Rooktopia rates the superhero movies, Part I

After totally jonesing on the Iron Man movie, and then hitting the shops on Free Comic Book Day, I just cannot take my mind off of superheroes and superhero movies in general. The last couple of days, my girlfriend and I have been discussing back and forth how and Avengers movie would look, and when in the world will a Wonder Woman movie come out? (She’s thinking Hillary Swank would be perfect, while I cast my discerning eye at Summer Glau.) So to help get it out of my system, here’s a look at some superhero movies past. Sit back and reminisce with me, won’t you?

Batman (1966) — So before they turned him all dark and gritty (which is how I like the consistency of my basement flooring), Batman was running around in ill-fitting tights that looks like something sewed together for the San Diego Comic Con. Modern movie-goers like to complain when a movie features more than one villain, as if one villain per superhero movie was a hard and fast rule. The 60’s Batman movie featured four, and they were played by top-notch actors like Burgess Meredith and Cesar Romero. Unfortunately, the movie was actually more corny than the TV show for some reason. By the way, Batman pioneered the whole “the longer the gag goes, the funnier it gets” humor card when trying to dispose of a comically oversized novelty bomb without harming innocent little ducks. Suck on that, Family Guy! Rating: 3/5

Hulk — I don’t hate Ang Lee. In fact, I rather enjoyed Sense & Sensibility. But the Hulk movie was such a big, ponderous mess that Marvel had to reboot the franchise and start all over again in record time. Some people — mostly hipsters — are convinced that the mope-fest is a hallmark of superhero cinema, touching on psychological issues that few of these testosterone-fests fail to touch. To which I say: please explain away the last 15 minutes of the movie. You know, when Hulk’s dad turned into a jellyfish. Besides, hipsters are the kind of people that like terrible things just because it’s ironic, so their judgment should never be considered gospel by anyone. Rating: 2/5

X-Men 3 — Screw the haters. I really liked this movie. Sure, it has its flaws, but on the whole I felt it was more cinematic than the previous two entries. The first movie felt a little claustrophobic with its set pieces. The second was Weapon X heavy, and I’ve always hated those stories in the comics. (And I don’t particularly hate Wolvie, either.) But the third finally captured a lot of the spirit of the X-Men comic books. The long lines of mutants being pelted by protesters. Mageto introducing himself to a bunch of freaks at what looks like the Tenderloin in SF. Juggernaut calling Kitty Pryde a female dog. Some of the action was confusing, sure, but aren’t most comic books? Rating: 4/5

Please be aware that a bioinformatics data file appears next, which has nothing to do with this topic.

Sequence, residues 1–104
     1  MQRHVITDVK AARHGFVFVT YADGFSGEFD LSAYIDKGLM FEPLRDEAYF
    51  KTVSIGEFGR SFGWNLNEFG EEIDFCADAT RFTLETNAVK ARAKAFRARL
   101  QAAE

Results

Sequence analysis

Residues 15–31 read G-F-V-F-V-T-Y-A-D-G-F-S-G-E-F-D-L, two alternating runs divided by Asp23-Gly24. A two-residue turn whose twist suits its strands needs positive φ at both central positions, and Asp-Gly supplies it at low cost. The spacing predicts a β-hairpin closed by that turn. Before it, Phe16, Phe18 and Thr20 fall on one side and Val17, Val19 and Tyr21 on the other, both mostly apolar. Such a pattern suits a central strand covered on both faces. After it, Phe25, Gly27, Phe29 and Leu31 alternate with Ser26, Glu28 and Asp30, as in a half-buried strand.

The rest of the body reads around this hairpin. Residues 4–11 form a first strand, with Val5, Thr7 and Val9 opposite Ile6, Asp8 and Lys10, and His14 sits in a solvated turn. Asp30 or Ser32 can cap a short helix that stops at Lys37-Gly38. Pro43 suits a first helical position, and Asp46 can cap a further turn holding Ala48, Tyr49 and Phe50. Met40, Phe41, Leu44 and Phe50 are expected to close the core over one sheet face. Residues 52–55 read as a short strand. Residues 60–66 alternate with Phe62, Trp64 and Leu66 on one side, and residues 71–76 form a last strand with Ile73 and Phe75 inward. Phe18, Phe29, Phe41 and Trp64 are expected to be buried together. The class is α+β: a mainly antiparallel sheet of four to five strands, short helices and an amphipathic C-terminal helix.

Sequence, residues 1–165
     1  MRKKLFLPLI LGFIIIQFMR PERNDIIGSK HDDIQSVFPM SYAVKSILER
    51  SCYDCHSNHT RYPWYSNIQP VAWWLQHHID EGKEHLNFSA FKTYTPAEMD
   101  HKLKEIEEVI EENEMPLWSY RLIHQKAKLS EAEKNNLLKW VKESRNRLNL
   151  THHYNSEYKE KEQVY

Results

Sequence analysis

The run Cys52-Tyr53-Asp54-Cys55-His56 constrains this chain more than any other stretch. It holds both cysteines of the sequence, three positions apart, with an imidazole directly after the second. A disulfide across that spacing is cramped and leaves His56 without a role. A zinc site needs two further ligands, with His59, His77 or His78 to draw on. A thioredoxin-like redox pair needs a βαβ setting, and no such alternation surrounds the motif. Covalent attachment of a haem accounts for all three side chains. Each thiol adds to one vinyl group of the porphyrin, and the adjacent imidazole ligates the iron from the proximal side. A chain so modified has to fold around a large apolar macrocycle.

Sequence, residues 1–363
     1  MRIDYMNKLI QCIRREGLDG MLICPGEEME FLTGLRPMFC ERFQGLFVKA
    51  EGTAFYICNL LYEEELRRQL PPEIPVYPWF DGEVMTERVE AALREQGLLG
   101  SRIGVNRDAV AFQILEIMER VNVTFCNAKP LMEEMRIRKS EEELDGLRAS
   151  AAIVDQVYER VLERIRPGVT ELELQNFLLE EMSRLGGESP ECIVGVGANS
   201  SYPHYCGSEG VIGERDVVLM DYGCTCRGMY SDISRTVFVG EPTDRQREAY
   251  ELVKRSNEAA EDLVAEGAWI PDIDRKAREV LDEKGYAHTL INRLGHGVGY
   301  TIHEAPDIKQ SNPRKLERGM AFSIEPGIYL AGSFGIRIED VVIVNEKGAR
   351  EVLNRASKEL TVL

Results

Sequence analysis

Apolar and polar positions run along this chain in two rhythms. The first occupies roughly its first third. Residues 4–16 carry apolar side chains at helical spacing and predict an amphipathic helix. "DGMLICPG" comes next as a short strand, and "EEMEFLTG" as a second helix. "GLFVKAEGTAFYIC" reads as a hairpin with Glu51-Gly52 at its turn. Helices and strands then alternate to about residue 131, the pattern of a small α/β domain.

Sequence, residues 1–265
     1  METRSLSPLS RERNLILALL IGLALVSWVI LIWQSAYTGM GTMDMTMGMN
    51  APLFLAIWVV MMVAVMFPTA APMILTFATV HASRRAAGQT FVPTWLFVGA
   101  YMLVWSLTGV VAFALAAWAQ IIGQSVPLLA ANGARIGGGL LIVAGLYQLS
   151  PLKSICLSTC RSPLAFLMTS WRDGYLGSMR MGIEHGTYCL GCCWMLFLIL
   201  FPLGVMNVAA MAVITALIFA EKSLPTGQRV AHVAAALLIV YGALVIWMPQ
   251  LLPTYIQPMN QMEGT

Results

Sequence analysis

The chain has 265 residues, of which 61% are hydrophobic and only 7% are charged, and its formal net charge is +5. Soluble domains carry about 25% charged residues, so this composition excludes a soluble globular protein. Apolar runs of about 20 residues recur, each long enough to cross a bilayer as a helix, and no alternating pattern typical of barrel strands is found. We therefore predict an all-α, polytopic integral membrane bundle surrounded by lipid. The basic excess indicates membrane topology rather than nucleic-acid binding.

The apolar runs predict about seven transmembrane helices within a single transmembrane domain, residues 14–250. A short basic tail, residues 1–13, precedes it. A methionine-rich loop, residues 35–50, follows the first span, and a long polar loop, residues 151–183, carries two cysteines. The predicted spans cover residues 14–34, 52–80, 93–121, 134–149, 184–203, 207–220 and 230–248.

The Shadow — Um… I’m pretty sure I’m the only person in the world who saw this movie. It was release around the time the 1989 Batman movie was spearheading the first wave of super-mania, which also resulted in The Phantom movie and the Mystery Men. I don’t remember much about this movie except that Alex Balwin was supposed to be a Mongolian or a Chinese man, which he most definitely is not. Rating: 2/5

Spawn — This is the sort of movie where you look back and absolutely hate everything that made you anticipate it in the first place. When it came out, Image Comics was sort of this rebel outfit that stood up for creator rights and gave the big middle finger to the Big Two. Now I see them as a bunch of sniping prima-donnas and the main perpetrators of the 1990’s “extreme” aesthetic to the detriment of storytelling. Todd McFarlane was seen as a regular joe with a strong creativity streak instead of some iracible multi-millionaire who sells toys, designs ugly hockey logos, and purchases overpriced baseball paraphenalia. And then we have the Spawn movie, a dark, lifeless movie that ends in the most confusing showdowns with Satan ever committed to CGI. Rating: 1/5

Spider-Man — I remember reading in the 80’s where the big thing was to have Spidey fight some sort of cosmic threat. There were similar stories when James Cameron was attached to this movie. So it’s always been a wonder that this movie turned out to be so right. My personal hallmark, though, is when the movie first shows us the curmudgeonly editor of the Daily Bugle, J. Jonah Jameson. In the theater, you could hear the widespread gasps when everyone stared at the screen in collective recognition. It’s the sort of nerd-joy that won’t be felt until the post-credit sequence in this year’s Iron Man. Rating: 5/5

Blade 2 — Despite some super-cheezy special effects (like when Wesley spilts a villain in two), this is a fine vampire movie that had enough heartbreaking betrayals and twists to keep it interesting. Too bad it will be best known for Harry Knowles’ sad, sad perversions and how they ruined AICN. Rating: 4/5

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